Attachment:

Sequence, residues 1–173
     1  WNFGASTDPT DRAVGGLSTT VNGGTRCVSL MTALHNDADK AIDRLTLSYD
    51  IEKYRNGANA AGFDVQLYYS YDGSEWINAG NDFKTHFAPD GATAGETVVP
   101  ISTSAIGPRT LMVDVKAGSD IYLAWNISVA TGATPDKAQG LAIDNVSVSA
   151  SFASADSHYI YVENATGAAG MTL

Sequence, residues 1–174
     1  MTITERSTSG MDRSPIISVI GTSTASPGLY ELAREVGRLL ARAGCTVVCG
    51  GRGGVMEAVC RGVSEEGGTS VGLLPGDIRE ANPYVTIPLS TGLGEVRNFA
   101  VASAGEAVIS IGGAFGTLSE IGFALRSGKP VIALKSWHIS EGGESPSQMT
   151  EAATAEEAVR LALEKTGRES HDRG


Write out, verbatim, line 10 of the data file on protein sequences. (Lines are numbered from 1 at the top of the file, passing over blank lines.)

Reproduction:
   151  EAATAEEAVR LALEKTGRES HDRG